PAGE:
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Butternut Canker

Posted by paleeya Z6 (My Page) on
Mon, Apr 1, 13 at 13:13

I have a question for nut tree experts, unfortunately I think I know the answer. I'm trying to graft butternuts. I just cut wood from a mature tree but is heavily infected with the butternut canker. This tree is nowhere near where I live. Should I bother trying to graft the infected wood or just get wood from somewhere else? The only reason I wanted this tree is because I know it produces good nuts but even more so my wife grew up eating from this tree as a kid.

Thanks,

Phil


Follow-Up Postings:

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RE: Butternut Canker

Don't bother grafting the scion wood you have. Butternut canker will kill butternut trees of all ages, younger trees succumbing faster than older trees. The disease causing Oc.j spores are found on all parts of the butternut tree, not just isolated to the canker region. A graft wound is a perfect site for Oc.j manifestation. There are some projects around the country looking for resistant butternut trees. In general these programs take scion wood from "healthy" looking butternut trees, and graft on to black walnut rootstock. Even this process has little success.

Don't set yourself up for failure by grafting with infected wood.

There are still healthy butternut trees to be found depending on where you live. If you want to graft butternut, your best bet is to find a donor tree with few to no cankers. If this is not feasible, your second best bet is to fine seed and grow a butternut tree this way. No guarantee the sapling will be disease free, as Oc.j has been found on seed coats, but it is probably worth a try. Butternut is a fast growing tree, and will mature between 10 and 20 years.

Good luck with whatever you decide.

Andre


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RE: Butternut Canker

Genetic testing has revealed that a significant number of 'resistant' butternuts - some of which have been propagated for close to a century - are, in fact, hybrids with the Japanese walnut, J.ailantifolia, and its budsport, the heartnut.
So...the future is here, to some degree, with regard to canker-resistant butternuts...


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RE: Butternut Canker

Thanks for the input. I've decided not to use the diseased wood. I was able to get scion wood from two sources of named cultivars and looks great compared to the diseased wood. I have a bunch of black walnuts and a few butternut seedlings so I'm going t give it a shot.

Hopefully a resistant strain will be produced soon, I did read about a project being done by the New Hampshire Division of Forest that looks very promising.

Thanks again.

Phil


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RE: Butternut Canker

paleeya, some conversationalist for some reason look down on butternut hybrids but I think that if it means preserving a species that seems hopeless to find a cure for, whats the big deal? I'd rather have something that tastes exactly like a pure butternut and looks identical to the untrained eye but is completely resistant towards the butternut canker disease. It is very doubtful a pure strain will be salvageable and resistant. Like lucky said, in a sense the future is already here. I've been doing a lot of research here lately on butternuts because they are absolutely delicious nuts. I have an Ayers and Bountiful tree. Neither are producing because they are too young but my wife's uncle has a 20 year old Bountiful tree and I get a basket full of nuts every year. Bountiful, Ayers, Kenworthy, and Coble # 1 are all butternut hybrids that have been shown to have absolute resistance toward the canker disease. I wish I had them grafted onto heartnut but nobody does that here in the US. The black walnut rootstock has to have the bud shoots plucked off until the butternut gets big enough to take everything the black walnut rootstock can give it. Eventually it doesn't become such a struggle to keep the black walnut rootstock in check. The 20 year old tree's graft union looks great and they are both the same diameter up until this point. I have a few heartnut trees that are grafted onto heartnut rootstock and they grow about 4 ft a year in Iowa soil. I heard that when you graft heartnut onto black walnut over time the union looks hideous and the black walnut rootstock dwarfs the heartnut but It doesn't seem to do this with the butternut hybrids based on what I've seen with the 20 year old Bountiful tree.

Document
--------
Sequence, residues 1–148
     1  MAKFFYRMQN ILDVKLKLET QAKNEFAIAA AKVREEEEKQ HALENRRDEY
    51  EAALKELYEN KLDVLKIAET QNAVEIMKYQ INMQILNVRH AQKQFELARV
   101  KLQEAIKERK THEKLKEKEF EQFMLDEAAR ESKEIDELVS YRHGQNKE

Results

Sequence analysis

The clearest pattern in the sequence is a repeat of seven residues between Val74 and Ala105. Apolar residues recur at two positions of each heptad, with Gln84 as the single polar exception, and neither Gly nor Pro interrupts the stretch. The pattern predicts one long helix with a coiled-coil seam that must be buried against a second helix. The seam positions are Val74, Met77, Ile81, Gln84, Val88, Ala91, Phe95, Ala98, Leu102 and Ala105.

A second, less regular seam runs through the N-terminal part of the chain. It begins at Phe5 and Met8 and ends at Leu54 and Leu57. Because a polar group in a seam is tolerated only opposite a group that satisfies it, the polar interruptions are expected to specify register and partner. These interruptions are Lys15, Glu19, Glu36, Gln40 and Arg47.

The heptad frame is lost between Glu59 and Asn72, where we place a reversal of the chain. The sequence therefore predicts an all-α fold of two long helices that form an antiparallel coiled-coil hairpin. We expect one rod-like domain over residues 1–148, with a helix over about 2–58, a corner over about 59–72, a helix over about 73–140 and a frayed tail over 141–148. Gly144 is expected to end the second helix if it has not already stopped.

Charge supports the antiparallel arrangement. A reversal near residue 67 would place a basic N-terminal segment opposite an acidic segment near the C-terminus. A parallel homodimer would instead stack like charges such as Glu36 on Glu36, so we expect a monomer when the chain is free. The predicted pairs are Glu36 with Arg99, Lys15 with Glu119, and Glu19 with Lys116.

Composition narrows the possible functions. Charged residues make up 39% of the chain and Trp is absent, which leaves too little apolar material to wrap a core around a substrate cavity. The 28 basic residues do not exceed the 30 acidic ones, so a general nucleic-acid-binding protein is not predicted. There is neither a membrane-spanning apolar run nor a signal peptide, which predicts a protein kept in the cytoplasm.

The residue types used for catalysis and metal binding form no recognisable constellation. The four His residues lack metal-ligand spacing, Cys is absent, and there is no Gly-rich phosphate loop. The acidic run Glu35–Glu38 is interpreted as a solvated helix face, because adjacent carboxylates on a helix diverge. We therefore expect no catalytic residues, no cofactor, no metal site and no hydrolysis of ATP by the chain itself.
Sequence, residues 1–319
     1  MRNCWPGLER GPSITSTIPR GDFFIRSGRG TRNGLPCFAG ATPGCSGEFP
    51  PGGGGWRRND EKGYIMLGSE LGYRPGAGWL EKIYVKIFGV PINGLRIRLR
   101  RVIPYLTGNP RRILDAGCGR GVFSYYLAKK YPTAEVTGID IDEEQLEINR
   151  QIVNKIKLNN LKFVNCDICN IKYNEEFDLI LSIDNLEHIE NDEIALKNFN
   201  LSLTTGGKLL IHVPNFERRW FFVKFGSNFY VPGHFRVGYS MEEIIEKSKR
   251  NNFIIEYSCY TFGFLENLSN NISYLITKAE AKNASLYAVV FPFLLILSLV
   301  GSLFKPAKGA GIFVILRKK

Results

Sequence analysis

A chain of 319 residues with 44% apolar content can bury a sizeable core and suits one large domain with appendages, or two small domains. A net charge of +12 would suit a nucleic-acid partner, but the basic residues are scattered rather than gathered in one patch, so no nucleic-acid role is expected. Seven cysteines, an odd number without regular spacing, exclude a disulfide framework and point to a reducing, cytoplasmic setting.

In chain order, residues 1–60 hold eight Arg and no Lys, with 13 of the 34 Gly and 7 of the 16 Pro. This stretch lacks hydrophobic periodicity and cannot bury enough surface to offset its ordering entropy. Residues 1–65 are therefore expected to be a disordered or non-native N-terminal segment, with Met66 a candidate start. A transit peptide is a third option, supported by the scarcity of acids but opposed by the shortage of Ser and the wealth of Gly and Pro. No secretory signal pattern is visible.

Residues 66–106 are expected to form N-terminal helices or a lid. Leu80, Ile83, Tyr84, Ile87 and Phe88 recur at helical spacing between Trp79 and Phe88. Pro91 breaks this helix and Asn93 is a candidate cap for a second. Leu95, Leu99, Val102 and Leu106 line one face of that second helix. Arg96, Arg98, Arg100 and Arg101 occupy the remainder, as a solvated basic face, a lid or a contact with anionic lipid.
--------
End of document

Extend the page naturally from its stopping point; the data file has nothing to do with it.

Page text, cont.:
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RE: Butternut Canker

tb,
Good info - I was not aware of the butternut-on-heartnut deal. Have grafted a few butternuts on BW, but think they're all gone now...
Easter Big Freeze Disaster of 2007 killed almost all of my grafted heartnuts(and Carpathian walnuts) back to their BW rootstock (Late Rhodes survived), and killed all my seedling heartnut/Japanese walnuts outright - but it killed big mature oaks & hickories in my forest, too. Killed seedling butternuts back to the ground, too, but they've re-grown.
As we've previously discussed, Bountiful and other hybrids have been propagated as 'butternuts' for decades - and no one knew that they were actually hybrids until the advent of DNA analysis technologies.
Have seen a number of 'experts' opine that there are no canker-blight resistant pure butternuts - but who knows for sure? Maybe there are some out there somewhere, but if not, we have hybrids that are virtually indistinguishable from the real deal that have varying degrees of resistance/tolerance.


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RE: Butternut Canker